Theodora Skipitares makes beautiful puppets, and she's recruited an excellent team to create video images and a soundscape in support of her staging of Homer's epic. Playing with shadow puppetry, Bunraku, and masked mime, she tries to place her abridged Odyssey in the context of the Iraq war, although Iraq is only hinted at in a video with a character speaking in Bushisms and by a tangential scene about the Walter Reed Army Hospital.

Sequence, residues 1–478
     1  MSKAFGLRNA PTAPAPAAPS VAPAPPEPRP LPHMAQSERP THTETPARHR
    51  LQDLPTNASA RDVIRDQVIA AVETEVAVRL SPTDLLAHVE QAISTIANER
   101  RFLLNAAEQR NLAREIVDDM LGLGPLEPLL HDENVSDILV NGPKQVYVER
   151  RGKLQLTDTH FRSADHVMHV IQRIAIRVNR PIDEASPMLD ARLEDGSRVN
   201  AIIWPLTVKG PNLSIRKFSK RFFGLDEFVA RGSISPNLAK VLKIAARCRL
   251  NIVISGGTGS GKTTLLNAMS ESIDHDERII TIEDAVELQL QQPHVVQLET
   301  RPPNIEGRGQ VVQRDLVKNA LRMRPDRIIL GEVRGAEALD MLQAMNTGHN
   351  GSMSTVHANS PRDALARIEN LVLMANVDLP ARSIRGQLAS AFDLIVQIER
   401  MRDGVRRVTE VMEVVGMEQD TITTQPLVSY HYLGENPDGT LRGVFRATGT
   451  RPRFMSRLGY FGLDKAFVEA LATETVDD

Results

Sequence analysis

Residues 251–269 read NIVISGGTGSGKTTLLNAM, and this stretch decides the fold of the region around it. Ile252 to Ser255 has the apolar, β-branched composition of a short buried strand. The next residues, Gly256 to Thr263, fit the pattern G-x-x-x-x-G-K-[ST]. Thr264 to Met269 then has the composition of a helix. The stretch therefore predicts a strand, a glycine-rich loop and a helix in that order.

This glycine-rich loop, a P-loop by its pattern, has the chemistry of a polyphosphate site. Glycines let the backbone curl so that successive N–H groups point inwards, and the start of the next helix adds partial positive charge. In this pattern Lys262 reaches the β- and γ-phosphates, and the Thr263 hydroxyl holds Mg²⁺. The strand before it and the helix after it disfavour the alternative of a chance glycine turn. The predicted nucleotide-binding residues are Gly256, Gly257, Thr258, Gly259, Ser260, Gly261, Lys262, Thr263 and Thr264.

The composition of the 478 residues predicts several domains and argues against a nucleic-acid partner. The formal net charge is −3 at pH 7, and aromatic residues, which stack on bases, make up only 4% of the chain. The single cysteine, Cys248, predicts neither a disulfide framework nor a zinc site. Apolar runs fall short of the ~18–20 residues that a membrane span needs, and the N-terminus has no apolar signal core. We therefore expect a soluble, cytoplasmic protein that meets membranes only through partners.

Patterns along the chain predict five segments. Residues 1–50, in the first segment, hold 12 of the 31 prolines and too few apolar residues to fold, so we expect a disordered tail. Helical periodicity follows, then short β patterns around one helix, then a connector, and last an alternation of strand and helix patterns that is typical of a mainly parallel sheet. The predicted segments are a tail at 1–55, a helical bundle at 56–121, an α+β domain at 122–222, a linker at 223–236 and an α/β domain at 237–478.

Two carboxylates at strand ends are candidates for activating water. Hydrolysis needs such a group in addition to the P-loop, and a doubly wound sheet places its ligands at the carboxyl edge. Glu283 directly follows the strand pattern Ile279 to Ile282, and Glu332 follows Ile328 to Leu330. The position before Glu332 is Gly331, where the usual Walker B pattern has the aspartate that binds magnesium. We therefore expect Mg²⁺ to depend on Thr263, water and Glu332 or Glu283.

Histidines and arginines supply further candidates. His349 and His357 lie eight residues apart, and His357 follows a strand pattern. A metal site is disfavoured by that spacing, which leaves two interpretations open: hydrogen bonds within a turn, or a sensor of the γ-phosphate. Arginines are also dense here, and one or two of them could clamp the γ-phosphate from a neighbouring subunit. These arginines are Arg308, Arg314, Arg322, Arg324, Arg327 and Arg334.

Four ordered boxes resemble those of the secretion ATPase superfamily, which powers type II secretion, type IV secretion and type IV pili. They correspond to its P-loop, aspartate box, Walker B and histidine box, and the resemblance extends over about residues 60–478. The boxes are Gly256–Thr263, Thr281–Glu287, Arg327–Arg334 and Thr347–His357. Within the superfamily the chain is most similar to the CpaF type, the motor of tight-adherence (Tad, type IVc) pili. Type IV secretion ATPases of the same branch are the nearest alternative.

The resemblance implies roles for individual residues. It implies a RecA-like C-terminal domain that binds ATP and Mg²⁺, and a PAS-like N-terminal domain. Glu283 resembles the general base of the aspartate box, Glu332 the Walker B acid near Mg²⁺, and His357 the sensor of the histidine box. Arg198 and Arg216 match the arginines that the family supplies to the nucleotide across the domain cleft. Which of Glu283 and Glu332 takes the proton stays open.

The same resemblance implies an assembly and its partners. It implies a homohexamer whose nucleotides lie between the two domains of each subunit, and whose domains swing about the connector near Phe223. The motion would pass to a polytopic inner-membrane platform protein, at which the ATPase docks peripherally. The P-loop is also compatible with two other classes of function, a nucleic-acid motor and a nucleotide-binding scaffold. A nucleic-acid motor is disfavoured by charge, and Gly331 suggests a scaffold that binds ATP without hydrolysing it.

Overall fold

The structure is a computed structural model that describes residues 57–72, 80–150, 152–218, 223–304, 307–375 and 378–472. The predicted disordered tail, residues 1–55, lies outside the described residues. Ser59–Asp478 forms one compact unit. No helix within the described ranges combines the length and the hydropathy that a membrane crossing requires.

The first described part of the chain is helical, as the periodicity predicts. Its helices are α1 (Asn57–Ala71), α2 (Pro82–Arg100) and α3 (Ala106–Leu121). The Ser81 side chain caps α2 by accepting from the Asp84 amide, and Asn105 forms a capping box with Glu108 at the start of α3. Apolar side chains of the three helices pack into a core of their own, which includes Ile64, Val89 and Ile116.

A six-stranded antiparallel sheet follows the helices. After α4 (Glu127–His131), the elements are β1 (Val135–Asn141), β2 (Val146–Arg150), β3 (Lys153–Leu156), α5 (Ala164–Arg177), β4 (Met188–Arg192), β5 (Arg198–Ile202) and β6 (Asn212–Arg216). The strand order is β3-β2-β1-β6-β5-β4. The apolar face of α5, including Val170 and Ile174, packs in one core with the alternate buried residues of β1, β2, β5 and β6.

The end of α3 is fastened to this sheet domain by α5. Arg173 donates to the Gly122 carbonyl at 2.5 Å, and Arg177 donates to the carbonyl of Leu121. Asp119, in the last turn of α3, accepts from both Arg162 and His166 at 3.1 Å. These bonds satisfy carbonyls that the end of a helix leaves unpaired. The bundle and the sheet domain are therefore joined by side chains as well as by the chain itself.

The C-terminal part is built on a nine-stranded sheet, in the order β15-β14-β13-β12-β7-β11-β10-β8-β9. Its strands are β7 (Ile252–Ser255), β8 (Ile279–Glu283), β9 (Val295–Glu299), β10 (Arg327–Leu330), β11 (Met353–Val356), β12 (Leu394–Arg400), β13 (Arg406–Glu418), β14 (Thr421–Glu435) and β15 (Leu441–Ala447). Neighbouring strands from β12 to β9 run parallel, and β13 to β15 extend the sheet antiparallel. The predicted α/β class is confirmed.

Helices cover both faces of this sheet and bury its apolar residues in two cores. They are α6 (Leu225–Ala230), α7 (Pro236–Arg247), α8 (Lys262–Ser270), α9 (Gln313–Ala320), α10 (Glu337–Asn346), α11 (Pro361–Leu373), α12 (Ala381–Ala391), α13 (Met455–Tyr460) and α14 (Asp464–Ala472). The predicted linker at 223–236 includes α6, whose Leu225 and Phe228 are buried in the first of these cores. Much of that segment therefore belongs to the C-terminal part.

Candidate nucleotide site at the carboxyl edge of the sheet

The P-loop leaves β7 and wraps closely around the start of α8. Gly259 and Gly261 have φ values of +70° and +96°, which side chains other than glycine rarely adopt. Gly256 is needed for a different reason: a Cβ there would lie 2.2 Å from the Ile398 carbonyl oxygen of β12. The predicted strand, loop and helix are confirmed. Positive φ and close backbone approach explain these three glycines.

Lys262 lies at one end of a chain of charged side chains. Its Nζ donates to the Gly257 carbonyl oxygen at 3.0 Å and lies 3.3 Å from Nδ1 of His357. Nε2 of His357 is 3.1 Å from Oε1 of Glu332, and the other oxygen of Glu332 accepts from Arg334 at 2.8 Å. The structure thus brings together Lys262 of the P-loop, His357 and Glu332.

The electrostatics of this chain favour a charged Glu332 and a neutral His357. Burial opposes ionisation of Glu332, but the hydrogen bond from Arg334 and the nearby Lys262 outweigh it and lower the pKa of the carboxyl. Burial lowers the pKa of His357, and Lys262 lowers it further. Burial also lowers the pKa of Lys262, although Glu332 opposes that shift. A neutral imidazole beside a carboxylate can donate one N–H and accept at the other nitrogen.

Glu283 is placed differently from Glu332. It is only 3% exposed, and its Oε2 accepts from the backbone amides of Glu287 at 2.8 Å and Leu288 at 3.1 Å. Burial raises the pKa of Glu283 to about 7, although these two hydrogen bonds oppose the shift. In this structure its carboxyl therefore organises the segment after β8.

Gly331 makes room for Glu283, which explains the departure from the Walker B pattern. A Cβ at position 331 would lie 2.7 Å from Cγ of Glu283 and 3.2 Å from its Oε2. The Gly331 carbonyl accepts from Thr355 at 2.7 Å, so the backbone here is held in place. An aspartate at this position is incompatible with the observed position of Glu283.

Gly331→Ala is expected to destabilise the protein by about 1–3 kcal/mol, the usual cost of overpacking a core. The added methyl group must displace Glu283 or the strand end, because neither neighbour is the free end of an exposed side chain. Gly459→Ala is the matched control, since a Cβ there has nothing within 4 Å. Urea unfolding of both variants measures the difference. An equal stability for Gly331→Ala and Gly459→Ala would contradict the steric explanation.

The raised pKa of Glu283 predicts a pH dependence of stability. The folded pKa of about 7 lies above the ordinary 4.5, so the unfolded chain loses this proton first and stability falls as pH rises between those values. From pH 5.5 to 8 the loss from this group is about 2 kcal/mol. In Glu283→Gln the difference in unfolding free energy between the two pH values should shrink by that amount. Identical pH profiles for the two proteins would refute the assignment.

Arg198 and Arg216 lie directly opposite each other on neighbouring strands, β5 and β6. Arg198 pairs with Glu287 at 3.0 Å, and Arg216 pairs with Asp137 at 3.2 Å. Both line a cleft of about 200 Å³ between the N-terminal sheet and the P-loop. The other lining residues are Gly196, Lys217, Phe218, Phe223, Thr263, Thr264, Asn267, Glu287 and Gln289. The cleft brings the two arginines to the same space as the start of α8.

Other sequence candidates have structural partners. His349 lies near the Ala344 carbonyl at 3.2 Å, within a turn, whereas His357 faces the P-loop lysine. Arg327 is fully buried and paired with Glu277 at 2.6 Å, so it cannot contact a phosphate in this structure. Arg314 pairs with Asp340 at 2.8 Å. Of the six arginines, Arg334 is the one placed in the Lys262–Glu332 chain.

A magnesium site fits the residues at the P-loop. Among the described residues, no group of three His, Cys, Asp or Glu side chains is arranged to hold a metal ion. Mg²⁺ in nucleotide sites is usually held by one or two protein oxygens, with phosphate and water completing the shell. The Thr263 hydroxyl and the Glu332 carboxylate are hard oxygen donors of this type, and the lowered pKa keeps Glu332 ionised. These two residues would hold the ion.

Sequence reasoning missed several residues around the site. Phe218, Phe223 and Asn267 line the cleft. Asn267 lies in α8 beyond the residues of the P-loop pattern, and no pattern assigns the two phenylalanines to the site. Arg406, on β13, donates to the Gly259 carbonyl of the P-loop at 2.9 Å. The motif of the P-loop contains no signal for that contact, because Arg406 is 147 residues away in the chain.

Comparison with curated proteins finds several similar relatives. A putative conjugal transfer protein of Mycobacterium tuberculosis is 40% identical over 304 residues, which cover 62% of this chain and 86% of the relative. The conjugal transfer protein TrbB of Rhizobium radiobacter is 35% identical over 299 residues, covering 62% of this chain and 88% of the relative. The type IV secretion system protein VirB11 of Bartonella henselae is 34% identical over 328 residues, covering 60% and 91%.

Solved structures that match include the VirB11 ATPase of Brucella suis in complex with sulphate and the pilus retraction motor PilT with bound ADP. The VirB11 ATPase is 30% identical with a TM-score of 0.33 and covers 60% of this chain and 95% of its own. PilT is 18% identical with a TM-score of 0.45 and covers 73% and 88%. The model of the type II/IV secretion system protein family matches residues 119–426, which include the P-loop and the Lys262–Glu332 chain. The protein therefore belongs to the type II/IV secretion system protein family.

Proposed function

In spite ofor perhaps because ofHomer's example, Skipitares hasn't figured out how to present her narrative. Penelope, played by Meredith Wright, introduces the story "as told by me, his wife," and indeed she provides closure at the end of the show. But nothing in between reflects her perspective. Skipitares's allusions to contemporary issues, hard to miss in the first two scenes, disappear once Odysseus begins his story. Homer's hero says he only wants to entertain, but Skipitares provides little in the way of excitement or humor. (The spare text is about as funny as, well, The Odyssey.) While the show's eclecticism succeeds when mixing puppet styles, Wright's broad delivery, reminiscent of Broadway musical actors brimming with smarmy self-satisfaction, seems out of place. Skipitares's journey has potential, but, like Odysseus, she seems to have lost her way.
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